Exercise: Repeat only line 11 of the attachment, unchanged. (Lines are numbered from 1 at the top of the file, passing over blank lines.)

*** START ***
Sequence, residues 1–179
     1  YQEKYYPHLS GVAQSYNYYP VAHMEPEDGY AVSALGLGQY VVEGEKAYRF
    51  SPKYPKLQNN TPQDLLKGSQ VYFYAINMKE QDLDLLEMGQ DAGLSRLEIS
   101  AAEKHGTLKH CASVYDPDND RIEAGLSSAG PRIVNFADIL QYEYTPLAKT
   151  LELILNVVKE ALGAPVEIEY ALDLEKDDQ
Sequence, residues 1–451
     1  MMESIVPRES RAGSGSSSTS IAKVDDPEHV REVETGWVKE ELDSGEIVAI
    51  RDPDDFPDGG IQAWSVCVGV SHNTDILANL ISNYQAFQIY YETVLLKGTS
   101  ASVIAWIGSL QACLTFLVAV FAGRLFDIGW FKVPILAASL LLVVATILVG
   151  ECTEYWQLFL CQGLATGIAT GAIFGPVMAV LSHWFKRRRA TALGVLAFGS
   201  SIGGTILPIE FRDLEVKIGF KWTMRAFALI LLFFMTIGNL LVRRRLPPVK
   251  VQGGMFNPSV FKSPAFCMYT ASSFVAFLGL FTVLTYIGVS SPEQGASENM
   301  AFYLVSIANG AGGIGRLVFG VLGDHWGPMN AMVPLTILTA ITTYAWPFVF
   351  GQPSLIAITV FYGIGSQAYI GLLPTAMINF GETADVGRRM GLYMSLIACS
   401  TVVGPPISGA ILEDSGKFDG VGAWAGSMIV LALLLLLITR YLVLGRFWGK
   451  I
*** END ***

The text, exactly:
   201  SIGGTILPIE FRDLEVKIGF KWTMRAFALI LLFFMTIGNL LVRRRLPPVK